Testing bitcoin’s safe-haven property and the correlation between Bitcoin, gold, oil, stock markets, and Google trends

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Since its public introduction in 2009, Bitcoin has grown to be the most well-known cryptocurrency worldwide. There is still debate as to whether Bitcoin may be used as a hedge against other assets. The purpose of this study is to investigate the correlation between Bitcoin and conventional commodity markets such as gold, crude oil, stock markets, and investor interest (quantified via Google Trends). In addition, the paper also tests Bitcoin’s safe haven role compared to other commodity markets. The Vector Autoregression model using daily database collected during the period 2013–2021 is employed to investigate the relationship between Bitcoin and traditional commodity markets. The impulse response function is used to analyze Bitcoin price movements against economic shocks from gold, oil prices, and the Dow Jones Industrial Average. In addition, the value-at-risk (VaR) model is used to test Bitcoin’s safe-haven property compared to other conventional commodity markets. The research results show that Bitcoin has negative impacts on gold, crude oil prices, and the stock market. Besides, Bitcoin responds negatively to a sharp decline in investor interest. Furthermore, the results of the VaR model show that Bitcoin is the second most volatile and risky asset, only after the crude oil market, and much riskier than gold. This result proves that Bitcoin cannot yet be considered a safe-haven instrument. These findings have several implications for investors and policymakers to minimize the risks associated with this cryptocurrency.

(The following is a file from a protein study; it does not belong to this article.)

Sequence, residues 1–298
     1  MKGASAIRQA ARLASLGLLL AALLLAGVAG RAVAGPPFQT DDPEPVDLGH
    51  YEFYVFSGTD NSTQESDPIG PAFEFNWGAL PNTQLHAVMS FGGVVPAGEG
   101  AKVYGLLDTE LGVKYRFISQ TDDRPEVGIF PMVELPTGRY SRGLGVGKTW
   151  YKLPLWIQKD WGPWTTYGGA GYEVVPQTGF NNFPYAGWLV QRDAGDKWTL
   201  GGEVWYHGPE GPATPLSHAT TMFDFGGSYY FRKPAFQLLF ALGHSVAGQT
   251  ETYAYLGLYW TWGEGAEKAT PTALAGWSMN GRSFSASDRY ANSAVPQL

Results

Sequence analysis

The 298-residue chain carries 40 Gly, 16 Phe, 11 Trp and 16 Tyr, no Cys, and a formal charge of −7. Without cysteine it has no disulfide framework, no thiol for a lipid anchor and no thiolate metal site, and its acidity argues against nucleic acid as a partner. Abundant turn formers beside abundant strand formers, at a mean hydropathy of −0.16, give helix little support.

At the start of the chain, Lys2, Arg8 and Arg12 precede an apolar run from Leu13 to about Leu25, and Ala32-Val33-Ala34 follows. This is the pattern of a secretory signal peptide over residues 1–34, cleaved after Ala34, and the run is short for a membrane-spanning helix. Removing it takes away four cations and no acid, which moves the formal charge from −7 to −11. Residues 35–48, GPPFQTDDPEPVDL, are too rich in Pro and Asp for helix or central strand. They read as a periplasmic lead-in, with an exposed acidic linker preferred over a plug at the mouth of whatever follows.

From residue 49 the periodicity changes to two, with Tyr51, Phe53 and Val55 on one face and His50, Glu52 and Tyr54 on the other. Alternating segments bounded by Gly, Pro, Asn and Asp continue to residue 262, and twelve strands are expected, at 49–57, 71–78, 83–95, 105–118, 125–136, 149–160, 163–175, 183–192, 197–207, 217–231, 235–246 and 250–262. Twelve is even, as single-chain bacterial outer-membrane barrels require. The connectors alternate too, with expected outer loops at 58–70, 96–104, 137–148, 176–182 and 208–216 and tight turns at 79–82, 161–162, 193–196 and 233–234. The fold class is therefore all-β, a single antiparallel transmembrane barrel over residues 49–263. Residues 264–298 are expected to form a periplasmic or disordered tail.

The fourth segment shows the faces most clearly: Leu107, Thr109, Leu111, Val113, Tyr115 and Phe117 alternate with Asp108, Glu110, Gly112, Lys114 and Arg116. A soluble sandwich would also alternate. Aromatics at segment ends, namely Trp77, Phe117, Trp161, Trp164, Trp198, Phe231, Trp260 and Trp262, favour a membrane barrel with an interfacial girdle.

Acknowledgment
The authors would like to send their sincere thanks to the Reviewers and Editorial Board of the Journal. Their valuable comments and helpful support helped improve the paper’s quality. No funding was granted for this study.

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    • Figure 1. Response to structural VAR innovations
    • Table 1. Descriptive statistics of variables
    • Table 2. Results of testing the stationarity of the data series
    • Table 3. Testing Granger causality
    • Table 4. Volatility and VaR for the 1% and 5% during the period 2013–2021
    • Conceptualization
      Lien Thi Huong Nguyen, Hanh Hong Vu, Anh Phuong Le
    • Data curation
      Lien Thi Huong Nguyen, Hanh Hong Vu, Anh Phuong Le
    • Formal Analysis
      Lien Thi Huong Nguyen, Hanh Hong Vu, Anh Phuong Le
    • Investigation
      Lien Thi Huong Nguyen, Hanh Hong Vu, Anh Phuong Le
    • Methodology
      Lien Thi Huong Nguyen, Hanh Hong Vu, Anh Phuong Le
    • Project administration
      Lien Thi Huong Nguyen, Hanh Hong Vu
    • Resources
      Lien Thi Huong Nguyen
    • Software
      Lien Thi Huong Nguyen, Hanh Hong Vu, Anh Phuong Le
    • Supervision
      Lien Thi Huong Nguyen
    • Validation
      Lien Thi Huong Nguyen, Hanh Hong Vu
    • Visualization
      Lien Thi Huong Nguyen, Hanh Hong Vu, Anh Phuong Le
    • Writing – original draft
      Lien Thi Huong Nguyen, Hanh Hong Vu, Anh Phuong Le
    • Writing – review & editing
      Lien Thi Huong Nguyen